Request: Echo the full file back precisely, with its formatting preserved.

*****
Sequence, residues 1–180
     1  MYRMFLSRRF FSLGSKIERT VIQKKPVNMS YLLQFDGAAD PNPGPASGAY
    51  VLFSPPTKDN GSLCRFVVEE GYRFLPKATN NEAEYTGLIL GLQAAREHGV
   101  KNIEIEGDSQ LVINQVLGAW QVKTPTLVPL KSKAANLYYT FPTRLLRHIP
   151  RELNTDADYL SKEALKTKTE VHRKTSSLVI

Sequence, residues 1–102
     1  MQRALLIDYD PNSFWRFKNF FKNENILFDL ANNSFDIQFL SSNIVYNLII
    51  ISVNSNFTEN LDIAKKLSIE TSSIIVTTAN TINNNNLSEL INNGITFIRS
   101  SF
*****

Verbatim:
Sequence, residues 1–180
     1  MYRMFLSRRF FSLGSKIERT VIQKKPVNMS YLLQFDGAAD PNPGPASGAY
    51  VLFSPPTKDN GSLCRFVVEE GYRFLPKATN NEAEYTGLIL GLQAAREHGV
   101  KNIEIEGDSQ LVINQVLGAW QVKTPTLVPL KSKAANLYYT FPTRLLRHIP
   151  RELNTDADYL SKEALKTKTE VHRKTSSLVI

Sequence, residues 1–102
     1  MQRALLIDYD PNSFWRFKNF FKNENILFDL ANNSFDIQFL SSNIVYNLII
    51  ISVNSNFTEN LDIAKKLSIE TSSIIVTTAN TINNNNLSEL INNGITFIRS
   101  SF